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FA head of women's leagues targets WSL expansion

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The Women's Super League could be expanded to 24 teams in the future, according to the FA's head of women's leagues and competitions, Katy Brazier.

The are currently 18 teams in the top two tiers of the WSL, which is being increased to 20 clubs by the year 2017.

"Where we really want to get to is 24 fully-professional women's teams playing in the league," Brazier told BBC Radio 5 live sports extra .

"But we need to do that slowly, so the clubs can become sustainable."

Sheffield became the first team to be promoted to WSL Two when they beat Portsmouth in the Premier League play-off final, having also met the WSL's licensing requirements.

In addition to being able to prove their financial solvency, clubs applying for entry to the Super League must show they will attract an average of 350 spectators in 2016, increasing to at least 400 in 2017.

"We have a licence system within the WSL and the reason for that is to try and influence and shape the way that money is invested into the game and do it slowly, in a measured way," Brazier added.

"By having a salary cap in place, it means that we can also ensure that money is invested off the pitch, as well as on the pitch, in salaries.

"Building things slowly is really important, because we want it to be sustainable." http://www.bbc.co.uk/sport/0/football/33676705

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I hope the next expansion is better thought out than the one which is about to happen. Having a nine-team WSL1 is logistical nonsense. I don't care if it will only be for one year, it did not have to be done like this.

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I assume she is referring to a potential 12/12 split between the two divisions as opposed to one giant 24 team division because then that wouldn't be summer league size at all. It would however be a complete disaster in terms of competitiveness.

I'm not sure I like the prospect of four additional years of the 'one down/two up' method which is about to be used to take us from 18 to 20. If you have an odd number in a division it means a team has to sit out every round of games, which for the WSL would be a scheduling headache we could really do without given it is apparently already too hard to draw up a functioning fixture list. I hope they come up with a different plan for attack for the next phase.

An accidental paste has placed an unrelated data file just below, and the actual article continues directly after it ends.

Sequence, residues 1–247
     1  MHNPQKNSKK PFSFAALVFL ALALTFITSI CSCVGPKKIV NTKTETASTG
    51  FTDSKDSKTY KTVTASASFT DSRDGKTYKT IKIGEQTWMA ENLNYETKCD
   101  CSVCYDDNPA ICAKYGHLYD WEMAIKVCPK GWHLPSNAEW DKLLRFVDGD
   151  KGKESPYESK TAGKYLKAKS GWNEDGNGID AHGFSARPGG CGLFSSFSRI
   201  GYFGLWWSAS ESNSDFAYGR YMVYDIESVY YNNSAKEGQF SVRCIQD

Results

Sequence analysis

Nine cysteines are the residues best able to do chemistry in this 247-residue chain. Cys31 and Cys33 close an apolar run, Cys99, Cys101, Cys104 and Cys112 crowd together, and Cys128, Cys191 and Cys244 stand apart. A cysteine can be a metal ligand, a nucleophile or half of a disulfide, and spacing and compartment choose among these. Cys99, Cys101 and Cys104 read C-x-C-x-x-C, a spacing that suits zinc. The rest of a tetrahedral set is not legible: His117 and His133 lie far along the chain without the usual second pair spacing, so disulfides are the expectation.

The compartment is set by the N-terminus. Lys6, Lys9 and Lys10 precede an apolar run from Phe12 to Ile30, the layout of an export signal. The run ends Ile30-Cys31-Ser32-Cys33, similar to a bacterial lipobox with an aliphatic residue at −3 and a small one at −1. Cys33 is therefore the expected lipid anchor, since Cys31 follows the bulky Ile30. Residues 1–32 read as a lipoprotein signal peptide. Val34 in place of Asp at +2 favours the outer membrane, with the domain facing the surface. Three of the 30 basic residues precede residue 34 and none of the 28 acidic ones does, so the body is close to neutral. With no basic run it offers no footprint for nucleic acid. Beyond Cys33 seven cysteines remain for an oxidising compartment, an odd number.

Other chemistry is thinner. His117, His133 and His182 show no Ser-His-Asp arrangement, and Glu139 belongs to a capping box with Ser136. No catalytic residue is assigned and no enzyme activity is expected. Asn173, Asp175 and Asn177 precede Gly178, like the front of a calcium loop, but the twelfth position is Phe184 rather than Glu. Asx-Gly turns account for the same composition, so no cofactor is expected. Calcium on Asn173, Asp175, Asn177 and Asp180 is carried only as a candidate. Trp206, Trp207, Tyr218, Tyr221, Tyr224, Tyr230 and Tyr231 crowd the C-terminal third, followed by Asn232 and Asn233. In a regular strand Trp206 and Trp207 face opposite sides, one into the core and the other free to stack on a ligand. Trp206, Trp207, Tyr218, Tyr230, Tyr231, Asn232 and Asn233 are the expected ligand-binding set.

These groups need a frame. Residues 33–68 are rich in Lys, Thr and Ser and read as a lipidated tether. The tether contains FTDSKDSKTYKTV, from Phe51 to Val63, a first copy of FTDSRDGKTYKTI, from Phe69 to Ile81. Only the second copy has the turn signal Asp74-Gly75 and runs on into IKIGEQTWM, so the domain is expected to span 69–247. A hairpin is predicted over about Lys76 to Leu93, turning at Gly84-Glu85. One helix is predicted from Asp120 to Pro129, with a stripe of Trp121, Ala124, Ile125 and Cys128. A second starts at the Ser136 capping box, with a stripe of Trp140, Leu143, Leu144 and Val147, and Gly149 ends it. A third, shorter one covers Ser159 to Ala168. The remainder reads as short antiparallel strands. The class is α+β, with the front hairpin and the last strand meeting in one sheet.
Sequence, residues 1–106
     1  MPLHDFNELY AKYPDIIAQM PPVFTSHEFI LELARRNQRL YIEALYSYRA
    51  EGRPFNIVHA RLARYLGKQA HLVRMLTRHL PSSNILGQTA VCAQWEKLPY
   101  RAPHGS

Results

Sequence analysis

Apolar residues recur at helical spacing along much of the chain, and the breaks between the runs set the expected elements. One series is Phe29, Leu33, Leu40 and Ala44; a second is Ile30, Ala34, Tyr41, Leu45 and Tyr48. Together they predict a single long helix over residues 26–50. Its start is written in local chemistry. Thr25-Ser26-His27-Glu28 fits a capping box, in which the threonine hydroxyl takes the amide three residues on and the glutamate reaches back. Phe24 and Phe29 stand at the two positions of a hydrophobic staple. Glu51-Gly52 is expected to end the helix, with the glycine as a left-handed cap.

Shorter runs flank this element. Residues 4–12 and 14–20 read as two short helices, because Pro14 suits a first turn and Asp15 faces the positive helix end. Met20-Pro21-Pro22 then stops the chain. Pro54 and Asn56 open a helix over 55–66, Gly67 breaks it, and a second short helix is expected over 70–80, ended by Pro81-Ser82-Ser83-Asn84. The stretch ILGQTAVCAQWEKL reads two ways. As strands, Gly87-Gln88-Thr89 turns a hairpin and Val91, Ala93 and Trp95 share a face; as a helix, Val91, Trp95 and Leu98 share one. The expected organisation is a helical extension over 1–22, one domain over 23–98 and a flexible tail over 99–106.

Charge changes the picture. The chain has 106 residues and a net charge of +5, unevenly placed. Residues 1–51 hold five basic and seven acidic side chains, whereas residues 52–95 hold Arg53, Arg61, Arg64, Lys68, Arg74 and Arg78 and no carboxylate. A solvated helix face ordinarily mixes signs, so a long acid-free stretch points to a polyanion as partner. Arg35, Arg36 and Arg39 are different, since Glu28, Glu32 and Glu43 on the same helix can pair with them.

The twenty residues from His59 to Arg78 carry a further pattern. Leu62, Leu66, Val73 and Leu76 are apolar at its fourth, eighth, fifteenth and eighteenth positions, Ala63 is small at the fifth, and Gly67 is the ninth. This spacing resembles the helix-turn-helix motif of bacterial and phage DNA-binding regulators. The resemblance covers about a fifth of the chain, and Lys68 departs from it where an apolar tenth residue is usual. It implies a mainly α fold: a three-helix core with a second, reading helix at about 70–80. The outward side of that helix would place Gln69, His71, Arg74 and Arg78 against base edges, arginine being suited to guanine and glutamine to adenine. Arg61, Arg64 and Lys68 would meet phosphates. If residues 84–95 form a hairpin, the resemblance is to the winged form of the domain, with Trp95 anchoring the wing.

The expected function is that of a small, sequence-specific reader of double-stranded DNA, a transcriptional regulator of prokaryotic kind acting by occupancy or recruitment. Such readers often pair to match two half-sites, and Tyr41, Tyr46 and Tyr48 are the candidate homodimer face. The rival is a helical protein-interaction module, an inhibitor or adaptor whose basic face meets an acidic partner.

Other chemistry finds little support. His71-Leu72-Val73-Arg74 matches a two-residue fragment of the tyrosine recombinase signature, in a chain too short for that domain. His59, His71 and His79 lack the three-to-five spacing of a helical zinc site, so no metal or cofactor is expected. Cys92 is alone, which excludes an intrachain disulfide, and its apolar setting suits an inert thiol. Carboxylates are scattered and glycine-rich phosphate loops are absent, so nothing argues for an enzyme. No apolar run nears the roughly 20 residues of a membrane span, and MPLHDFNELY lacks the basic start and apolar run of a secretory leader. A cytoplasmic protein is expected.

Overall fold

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Do you think it will be a 12/12 split?  I wouldn't be suprised if it's a 10/14 instead.  It would make more sense if they want the WSL1 to not become too diluted in talent.  I to don't like the 9 club league but i guess there is no other way unless you bring up two right away without relegation.  Some of the WPL have odd teams so it's not unheard of but I hate when a club has a bye week.

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There are two problems created with having a smaller first division than second division and both are on show currently. Problem one is that clubs who would be more than worthy of a place in the first division don't get in which holds back their own development and then by extension the game as a whole. Problem two is that everybody who is in the first division already is too good for the second division.

Ideally, you want a division split to leave a parity buffer zone between the two―you want the bottom of WSL1 and the top of WSL2 to be the same level. The main reasons for needing is so that the promoted club doesn't find themselves in above their heads and the relegated club doesn't find themselves a big fish in a small pond.

Eight clubs in WSL1 is too small for a buffer zone to be there and is also too small for real competition at the bottom of the table, because all of the clubs who would be that competition are falling on the other side of the division split. 10 teams would improve this to some extent. 12 would make it even better. It's all well and good wanting to concentrate the quality into WSL1 but that only improves what is happening at the top end of the table, not the bottom. If you want effective promotion/relegation you do actually need a proper relegation contest being fought by three or four. Otherwise it becomes a forgone conclusion who is going down, and very often they will have done too much work off the pitch to deserve it being flushed down the toilet which is what relegation does. Ask Everton where their fan base has gone. How is that development?

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Good point about the buffer zone.  Do you think they'll eventually relegate/promote 2 clubs a season?  Also when is relegation going to start in WSL2 some of those bottom teams are really poor?